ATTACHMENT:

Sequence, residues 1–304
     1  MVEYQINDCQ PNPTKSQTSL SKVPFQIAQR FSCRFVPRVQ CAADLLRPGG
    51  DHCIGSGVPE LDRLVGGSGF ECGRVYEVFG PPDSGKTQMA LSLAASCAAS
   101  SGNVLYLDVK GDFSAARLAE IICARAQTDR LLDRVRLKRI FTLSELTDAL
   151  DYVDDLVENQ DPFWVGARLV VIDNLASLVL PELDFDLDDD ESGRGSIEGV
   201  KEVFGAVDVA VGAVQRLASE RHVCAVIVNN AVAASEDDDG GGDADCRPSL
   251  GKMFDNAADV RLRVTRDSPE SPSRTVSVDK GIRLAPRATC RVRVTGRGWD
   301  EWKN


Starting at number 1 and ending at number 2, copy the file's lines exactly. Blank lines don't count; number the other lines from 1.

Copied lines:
Sequence, residues 1–304
     1  MVEYQINDCQ PNPTKSQTSL SKVPFQIAQR FSCRFVPRVQ CAADLLRPGG